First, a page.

Today, -- after Galileo. The University of Houston's College of Engineering presents this series about the machines that make our civilization run, and the people whose ingenuity created them.
Athanasius Kircher was born in Germany in 1602, just as Galileo, now thirty-six years old, was hitting his stride. Kircher studied humanities, science, languages, and math in several Jesuit schools. He also became expert in the subject of physical curiosities; and that term needs explanation.
After Columbus, the sixteenth century had become a great epoch of exploration. European ships circled the globe and came back to tell of amazing new plants, animals, and geography. Picture books appeared with lush images of curious humans, beasts, plants, and places -- some real and some imagined.
Those physical curiosities became a metaphor for a new science of observation. When Kircher became a Jesuit priest in 1628, he was schooled in the new science. Five years later, just as the Italian Inquisition called Galileo to Rome, Pope Urban VIII called Kircher to Rome as a professor of math, physics, and Oriental languages.
The Inquisition soon sent Galileo back to Tuscany under a gag order. He and Kircher didn't meet. While Kircher clearly sympathized with the sun-centered universe, he was as smooth as Galileo had been abrasive. He never lost the support of the Church. Kircher bridged the gap by continuing to speak in the language of scholars who'd set the philosophical underpinnings of the Church.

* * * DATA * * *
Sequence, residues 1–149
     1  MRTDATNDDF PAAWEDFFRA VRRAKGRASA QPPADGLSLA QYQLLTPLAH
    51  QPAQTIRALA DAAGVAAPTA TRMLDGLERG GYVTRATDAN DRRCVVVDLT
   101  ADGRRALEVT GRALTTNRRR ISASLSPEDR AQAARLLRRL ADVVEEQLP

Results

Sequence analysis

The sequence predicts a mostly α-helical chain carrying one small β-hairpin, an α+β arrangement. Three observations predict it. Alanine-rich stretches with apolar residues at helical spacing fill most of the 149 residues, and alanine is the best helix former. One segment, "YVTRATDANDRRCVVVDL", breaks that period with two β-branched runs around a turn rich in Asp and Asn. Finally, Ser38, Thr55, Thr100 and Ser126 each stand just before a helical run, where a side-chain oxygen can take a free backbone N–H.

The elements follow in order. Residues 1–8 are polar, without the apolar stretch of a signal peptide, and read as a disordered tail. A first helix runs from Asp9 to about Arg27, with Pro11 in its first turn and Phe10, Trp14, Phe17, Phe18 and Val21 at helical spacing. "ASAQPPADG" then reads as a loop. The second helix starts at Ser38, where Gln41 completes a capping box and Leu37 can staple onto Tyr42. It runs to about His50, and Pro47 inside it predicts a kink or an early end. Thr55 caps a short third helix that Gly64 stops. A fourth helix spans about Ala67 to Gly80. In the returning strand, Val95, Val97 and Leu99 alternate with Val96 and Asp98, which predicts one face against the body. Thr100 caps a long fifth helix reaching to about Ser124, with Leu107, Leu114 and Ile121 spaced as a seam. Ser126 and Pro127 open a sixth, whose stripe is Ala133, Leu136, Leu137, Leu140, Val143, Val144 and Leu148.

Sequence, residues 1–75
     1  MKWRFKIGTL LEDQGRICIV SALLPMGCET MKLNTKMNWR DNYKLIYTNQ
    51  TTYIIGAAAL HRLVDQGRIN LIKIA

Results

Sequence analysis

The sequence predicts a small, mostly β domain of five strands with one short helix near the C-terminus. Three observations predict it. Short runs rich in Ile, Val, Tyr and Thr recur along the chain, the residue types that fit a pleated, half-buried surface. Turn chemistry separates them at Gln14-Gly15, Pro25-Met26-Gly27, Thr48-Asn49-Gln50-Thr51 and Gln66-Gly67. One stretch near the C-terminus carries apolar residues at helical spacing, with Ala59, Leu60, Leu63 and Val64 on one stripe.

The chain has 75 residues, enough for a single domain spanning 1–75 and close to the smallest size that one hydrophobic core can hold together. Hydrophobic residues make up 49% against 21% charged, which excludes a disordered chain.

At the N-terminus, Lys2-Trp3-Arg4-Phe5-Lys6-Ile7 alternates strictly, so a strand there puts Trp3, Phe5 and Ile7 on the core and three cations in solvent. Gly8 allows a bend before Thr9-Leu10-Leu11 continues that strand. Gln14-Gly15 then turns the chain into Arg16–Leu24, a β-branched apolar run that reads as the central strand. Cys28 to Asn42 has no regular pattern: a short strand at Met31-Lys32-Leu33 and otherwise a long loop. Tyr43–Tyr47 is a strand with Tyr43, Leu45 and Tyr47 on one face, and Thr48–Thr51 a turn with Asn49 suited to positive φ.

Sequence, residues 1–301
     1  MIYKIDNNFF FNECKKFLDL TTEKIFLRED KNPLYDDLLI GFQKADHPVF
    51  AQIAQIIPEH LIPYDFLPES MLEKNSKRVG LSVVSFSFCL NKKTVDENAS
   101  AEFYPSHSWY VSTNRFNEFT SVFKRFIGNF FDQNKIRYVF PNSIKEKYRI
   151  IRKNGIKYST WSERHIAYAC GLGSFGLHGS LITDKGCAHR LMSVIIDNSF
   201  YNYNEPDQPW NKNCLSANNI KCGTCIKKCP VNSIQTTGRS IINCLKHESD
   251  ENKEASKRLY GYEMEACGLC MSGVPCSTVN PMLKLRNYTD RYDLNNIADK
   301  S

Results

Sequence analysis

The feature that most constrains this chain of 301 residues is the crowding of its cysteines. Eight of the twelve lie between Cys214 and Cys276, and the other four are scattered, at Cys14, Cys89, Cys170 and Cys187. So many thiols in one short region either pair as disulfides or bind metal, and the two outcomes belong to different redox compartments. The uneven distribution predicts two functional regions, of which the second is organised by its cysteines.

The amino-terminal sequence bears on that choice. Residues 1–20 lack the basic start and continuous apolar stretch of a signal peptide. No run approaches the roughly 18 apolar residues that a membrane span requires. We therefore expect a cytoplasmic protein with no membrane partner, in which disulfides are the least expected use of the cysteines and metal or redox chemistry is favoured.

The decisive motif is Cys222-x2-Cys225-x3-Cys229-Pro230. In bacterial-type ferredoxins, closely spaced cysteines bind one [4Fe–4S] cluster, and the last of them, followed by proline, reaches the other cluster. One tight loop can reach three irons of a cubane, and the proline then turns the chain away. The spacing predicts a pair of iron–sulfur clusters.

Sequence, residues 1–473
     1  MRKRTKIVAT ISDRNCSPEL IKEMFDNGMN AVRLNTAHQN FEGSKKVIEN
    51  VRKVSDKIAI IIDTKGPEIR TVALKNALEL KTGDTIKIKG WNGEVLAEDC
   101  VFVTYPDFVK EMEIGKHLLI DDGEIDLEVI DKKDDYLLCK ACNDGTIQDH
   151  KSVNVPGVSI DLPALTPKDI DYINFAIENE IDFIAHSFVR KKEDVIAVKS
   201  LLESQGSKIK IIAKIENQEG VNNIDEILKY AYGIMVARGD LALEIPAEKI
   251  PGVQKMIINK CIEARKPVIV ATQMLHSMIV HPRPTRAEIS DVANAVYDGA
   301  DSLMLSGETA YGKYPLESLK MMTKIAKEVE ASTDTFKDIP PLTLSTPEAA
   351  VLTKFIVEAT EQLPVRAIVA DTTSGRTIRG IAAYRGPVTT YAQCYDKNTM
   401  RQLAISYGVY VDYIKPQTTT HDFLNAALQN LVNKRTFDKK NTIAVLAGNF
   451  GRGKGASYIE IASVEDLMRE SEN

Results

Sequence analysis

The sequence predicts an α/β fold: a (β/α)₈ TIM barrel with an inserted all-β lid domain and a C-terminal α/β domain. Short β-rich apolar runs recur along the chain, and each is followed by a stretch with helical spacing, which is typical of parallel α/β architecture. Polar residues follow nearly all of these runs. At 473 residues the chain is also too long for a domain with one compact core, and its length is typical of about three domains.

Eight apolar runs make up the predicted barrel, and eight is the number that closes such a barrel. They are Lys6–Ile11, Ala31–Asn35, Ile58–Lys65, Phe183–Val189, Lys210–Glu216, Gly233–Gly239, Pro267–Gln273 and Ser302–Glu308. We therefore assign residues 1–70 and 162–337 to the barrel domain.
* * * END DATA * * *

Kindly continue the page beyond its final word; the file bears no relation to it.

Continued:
At the same time, he built a great museum to house curious objects. He wrote on magnetism. He designed machines. The brilliant Kircher knew twelve languages and was a student of ancient Egyptian hieroglyphs. He thought in symbolic terms and continued the traditional study of iconography from the century before -- the use of symbols to express deeper meanings.
He shaped his iconography around his Egyptian studies, and he actually made up his own logical language of twenty-seven icons. His purpose was to express theology concisely and accurately. It all had the mystic overtones of the alchemists who came before Galileo.
Yet he also made important observations. He was one of the first to systematically study bioluminescence -- living creatures, like fireflies, that glow in the dark. That eventually led to the discovery of the light-emitting chemical luciferin.
Kircher worked and prospered under the watchful eye of the Vatican censor. He gradually wove Galileo's ideas into the canon of accepted science. The sun, he wrote, was not a perfect crystalline sphere, but, rather, a constantly erupting ball of fire. Coming from Kircher, the censor let that pass. Kircher had become the current superstar of Italian science; he could get away with it.
All this leaves us with a sense of uneasy compromise. Galileo not only originated brilliant ideas; he was also willing to confront the establishment. But brash new ideas die if they can't become a part of normal thinking. That's where Kircher came in. Look at science in any age, and you'll find Galileos and Kirchers, the matched pairs needed to complete any scientific evolution.
I'm John Lienhard, at the University of Houston, where we're interested in the way inventive minds work.
Rowland, I. D., The Ecstatic Journey: Athanasius Kircher in Baroque Rome. Chicago: University of Chicago, 2000.
I am grateful to Margaret Culbertson, UH Art and Architecture Library, for suggesting the topic and providing the Rowland source.
Athanasius Kircher illustrates the behaviour of sound in his Musurgia Universalis Sive Ars Magna, 1650